(p. 12-15)
The Letter that Flew Away, Natalie Joan Engleheart , 1930 single work children's fiction children's
Ann's friends are too ill to come to her birthday party but the March wind takes her invitation across the fields to the delight of a group of goblins who attend instead.
(p. 41-47)
Note: Illustrated by W. S. Wemyss (q.v.)
The Crow and the Crane: An Aboriginal Legend, K. Langloh Parker , 1897 single work prose Indigenous story (p. 51-52)
How Dumb Animals Talk, 1930 single work prose children's
Describes how animals can make themselves understood almost as well as if they had the gift of speech.
(p. 81-82)
The Fairy Mani"It was, it was a fairy man", Mary Gilmore , 1910 single work poetry (p. 95-96)
The Spider Orchid, J. J. Hall , 1921-1930 single work children's fiction children's
When a ground spider helps the Queen of the Fairies care for an injured moth, she grants him his wish to be beautiful by turning him into an orchid with her song.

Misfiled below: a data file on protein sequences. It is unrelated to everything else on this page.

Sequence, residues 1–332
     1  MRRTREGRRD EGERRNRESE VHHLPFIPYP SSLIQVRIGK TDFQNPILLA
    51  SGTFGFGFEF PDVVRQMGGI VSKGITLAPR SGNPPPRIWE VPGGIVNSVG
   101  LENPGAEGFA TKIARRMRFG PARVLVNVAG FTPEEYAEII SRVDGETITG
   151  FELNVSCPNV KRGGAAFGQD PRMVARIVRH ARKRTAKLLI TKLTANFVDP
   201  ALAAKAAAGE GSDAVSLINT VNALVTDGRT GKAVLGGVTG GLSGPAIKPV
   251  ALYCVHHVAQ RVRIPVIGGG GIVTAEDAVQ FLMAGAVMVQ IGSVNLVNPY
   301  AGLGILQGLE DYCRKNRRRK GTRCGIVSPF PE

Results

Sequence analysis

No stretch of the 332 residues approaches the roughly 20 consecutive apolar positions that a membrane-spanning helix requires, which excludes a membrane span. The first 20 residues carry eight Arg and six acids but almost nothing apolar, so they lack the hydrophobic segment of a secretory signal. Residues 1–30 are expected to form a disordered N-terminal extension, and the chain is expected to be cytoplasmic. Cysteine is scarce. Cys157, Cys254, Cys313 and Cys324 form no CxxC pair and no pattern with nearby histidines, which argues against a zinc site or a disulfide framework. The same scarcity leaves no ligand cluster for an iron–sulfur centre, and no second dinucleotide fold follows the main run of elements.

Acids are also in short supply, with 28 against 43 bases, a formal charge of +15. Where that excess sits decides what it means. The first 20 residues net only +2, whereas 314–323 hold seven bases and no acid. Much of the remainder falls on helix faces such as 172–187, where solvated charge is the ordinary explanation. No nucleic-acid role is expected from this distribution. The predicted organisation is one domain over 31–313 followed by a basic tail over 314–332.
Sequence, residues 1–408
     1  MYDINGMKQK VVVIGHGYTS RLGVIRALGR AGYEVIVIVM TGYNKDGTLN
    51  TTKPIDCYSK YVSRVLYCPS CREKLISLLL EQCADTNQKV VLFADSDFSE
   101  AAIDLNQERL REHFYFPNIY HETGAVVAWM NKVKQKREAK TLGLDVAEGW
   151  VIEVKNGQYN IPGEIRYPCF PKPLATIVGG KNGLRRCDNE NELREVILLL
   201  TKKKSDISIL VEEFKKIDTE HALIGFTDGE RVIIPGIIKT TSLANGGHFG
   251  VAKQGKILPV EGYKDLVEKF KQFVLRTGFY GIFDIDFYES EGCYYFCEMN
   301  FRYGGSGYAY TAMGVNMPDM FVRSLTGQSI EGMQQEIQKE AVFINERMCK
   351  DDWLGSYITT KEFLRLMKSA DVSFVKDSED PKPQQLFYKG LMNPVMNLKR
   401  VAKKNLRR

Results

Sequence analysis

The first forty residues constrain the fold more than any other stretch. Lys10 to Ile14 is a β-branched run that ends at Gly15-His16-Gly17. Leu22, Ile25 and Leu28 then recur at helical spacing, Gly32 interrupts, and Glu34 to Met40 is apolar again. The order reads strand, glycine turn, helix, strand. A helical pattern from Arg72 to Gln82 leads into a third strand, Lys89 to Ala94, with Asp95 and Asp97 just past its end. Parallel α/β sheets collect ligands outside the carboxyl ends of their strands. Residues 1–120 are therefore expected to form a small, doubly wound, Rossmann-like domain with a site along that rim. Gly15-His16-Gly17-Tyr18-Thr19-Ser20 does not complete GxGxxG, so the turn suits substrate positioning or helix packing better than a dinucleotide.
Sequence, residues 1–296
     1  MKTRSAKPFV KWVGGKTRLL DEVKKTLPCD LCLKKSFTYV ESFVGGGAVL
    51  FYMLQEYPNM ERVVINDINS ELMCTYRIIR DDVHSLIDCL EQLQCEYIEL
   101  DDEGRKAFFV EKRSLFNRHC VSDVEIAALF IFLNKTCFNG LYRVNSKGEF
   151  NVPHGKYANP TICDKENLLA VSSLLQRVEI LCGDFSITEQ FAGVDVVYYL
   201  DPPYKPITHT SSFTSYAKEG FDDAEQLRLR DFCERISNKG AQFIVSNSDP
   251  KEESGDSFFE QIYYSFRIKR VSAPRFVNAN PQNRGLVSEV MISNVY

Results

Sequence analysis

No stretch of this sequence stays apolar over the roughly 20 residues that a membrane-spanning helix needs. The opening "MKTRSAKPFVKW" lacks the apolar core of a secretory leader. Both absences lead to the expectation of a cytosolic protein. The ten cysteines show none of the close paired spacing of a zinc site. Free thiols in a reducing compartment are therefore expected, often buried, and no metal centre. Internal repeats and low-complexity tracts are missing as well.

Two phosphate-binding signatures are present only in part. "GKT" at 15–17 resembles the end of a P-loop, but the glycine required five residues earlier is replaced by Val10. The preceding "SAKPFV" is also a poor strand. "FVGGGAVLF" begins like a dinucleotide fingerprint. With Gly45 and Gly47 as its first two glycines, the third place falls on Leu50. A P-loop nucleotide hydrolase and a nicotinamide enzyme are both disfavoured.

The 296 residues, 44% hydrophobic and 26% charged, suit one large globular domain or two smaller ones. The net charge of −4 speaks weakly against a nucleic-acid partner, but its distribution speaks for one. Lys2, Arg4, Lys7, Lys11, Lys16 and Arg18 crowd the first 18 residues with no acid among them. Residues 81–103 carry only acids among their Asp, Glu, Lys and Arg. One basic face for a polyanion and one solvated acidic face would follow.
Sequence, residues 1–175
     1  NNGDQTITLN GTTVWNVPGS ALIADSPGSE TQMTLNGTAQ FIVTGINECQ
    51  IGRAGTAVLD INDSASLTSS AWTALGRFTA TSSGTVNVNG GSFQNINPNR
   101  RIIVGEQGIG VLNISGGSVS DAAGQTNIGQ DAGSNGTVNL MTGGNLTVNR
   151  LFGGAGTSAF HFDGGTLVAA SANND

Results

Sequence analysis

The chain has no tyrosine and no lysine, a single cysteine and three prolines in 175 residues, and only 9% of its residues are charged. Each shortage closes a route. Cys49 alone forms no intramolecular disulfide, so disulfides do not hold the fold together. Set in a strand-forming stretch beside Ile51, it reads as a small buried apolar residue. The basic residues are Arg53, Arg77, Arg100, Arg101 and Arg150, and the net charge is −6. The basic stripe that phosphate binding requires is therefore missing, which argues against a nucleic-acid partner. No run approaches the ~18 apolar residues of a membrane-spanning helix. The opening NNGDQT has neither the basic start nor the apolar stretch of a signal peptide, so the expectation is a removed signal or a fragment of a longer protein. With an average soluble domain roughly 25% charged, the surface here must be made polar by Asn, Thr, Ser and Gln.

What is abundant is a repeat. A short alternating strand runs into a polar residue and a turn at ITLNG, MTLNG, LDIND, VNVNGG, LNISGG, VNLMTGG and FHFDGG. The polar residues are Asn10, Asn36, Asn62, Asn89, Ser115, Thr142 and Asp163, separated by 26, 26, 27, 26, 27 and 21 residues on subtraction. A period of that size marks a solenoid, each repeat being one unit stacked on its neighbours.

(p. 111-113)
What the Sea-shell Saidi"A boy and a girl once found a shell", Donald MacDonald , 1930 single work poetry children's (p. 114)
Dot and the Kangaroo, Stella Chapman , Douglas Ancelon , 1930 single work extract drama children's (p. 116-120)
Cradle Songi"Baby, O baby, fain you are for bed,", Louis Esson , 1918 single work poetry (p. 134)
* Contents derived from the Melbourne, Victoria,: Victoria Education Department , 1940 version. Please note that other versions/publications may contain different contents. See the Publication Details.